Make sure that your business uses couriers that they can trust to deliver items on time and in excellent condition – if they damage or lose a product, it’s important to hold them accountable. When the call for a return/refund does happen, a request should be dealt with quickly and without fuss.

There are so many positives that come from having organised stock, well trained staff and a well managed warehouse. Not only are your products cared for and protected, you’re always able to fill the orders that come in and your customers receive their goods in a timely manner – but all of these elements ensure a positive experience for the buyer, ensuring that problems are lowered by a significant amount. During peak season, this can be a godsend for CS teams.

The customer service team

Sometimes the problem can lie with the CS team themselves. If staff members aren’t trained up enough, do not have enough knowledge of the product, or have a poor attitude, there is a strong chance of problems escalating and being passed around the department until they’re either solved, the customer gives up or takes it even higher. According to a Harris Interactive report, customer service agents commonly fail to answer customers questions 50% of the time.

Not having enough staff can also be an issue during peak season. Problems, or ‘tickets’, can build up until there is a backlog. This will upset customers even more as they will feel that their problems are being ignored.

The most important thing to ensure is that your staff are trained to the highest standard. New employees need to spend time with more experienced staff to build up their knowledge base and understanding of how to answer and solve complex questions and demands. There should be frequent meetings on how to ensure the standard is upheld at all times, even when peak season is causing additional stress.

Bringing in new staff is a good way of ensuring your CS team aren’t stretched too thin, but again it’s vital that any new staff are trained. Prioritising tickets can be an excellent way forward, but they must all be dealt with. An automated email sent out to promise a response within a set amount of time can satisfy your customers until you can get to them, as long as it’s done within the time period.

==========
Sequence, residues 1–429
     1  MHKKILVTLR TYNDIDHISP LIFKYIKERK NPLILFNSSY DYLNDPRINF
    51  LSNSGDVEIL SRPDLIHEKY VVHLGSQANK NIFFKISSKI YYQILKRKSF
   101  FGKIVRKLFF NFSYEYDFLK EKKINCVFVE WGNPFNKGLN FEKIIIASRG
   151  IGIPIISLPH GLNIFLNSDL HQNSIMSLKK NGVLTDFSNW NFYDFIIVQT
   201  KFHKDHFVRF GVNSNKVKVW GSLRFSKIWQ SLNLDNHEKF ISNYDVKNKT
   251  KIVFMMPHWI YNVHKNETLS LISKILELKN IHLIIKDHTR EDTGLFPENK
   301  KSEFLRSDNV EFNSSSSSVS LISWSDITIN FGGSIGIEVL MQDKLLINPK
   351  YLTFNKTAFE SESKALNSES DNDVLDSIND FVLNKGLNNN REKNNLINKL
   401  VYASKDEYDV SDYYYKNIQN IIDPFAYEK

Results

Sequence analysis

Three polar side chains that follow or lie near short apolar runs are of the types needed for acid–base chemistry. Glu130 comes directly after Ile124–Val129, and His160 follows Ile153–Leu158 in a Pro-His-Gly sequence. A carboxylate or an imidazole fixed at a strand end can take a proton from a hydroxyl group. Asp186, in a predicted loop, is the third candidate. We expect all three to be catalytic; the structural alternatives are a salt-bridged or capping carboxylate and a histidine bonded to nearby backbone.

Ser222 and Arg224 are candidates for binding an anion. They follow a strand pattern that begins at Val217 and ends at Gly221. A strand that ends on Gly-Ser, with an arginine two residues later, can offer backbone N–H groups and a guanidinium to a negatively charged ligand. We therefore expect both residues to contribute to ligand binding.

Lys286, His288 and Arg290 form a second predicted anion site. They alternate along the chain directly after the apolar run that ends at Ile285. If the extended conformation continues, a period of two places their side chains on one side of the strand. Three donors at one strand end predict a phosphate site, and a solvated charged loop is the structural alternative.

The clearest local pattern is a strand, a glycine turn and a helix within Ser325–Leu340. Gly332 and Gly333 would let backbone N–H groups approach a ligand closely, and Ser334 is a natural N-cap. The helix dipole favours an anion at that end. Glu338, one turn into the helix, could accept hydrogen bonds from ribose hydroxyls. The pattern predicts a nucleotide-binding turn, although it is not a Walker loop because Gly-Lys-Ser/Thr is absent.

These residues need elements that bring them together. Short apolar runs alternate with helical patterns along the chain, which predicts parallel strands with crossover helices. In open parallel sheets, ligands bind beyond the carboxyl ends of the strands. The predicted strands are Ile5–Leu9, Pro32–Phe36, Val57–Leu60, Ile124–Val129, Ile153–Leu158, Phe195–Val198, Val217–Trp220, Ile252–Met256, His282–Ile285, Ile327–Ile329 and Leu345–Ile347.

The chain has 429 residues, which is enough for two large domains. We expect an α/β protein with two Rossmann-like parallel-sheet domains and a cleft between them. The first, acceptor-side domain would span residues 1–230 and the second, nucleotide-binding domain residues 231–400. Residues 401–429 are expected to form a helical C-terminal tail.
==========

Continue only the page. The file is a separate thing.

Having a well managed, well trained team will carry you through even the most stressful periods. It’s important to maintain an excellent standard that your company will be recognised for. If they’re efficient at their job, they will be able to deal with the challenges of a lot of problems – especially if their numbers are supportive. 78% of customers claim that a positive customer experience comes from interacting with competent customer service agents, so it’s worth the time and effort.

Concluding thoughts

By advocating change in your business, in all areas, you will determine enough positive change that your CS team will be under less pressure by proxy. If all elements are working well, customers will have less to complain about, and a more positive opinion of you.

However there is another point which needs to be made: understanding that certain times of year are busier, no matter what changes you make, can really help your CS team manage. If they’re all under pressure, standards will slip, customers can be lost rather than won and your company’s reputation can suffer as a result.

If you take the time to care about your CS team, to ensure that their needs are met as well as the needs of the customer, they will be supportive. They will be responsive and proactive.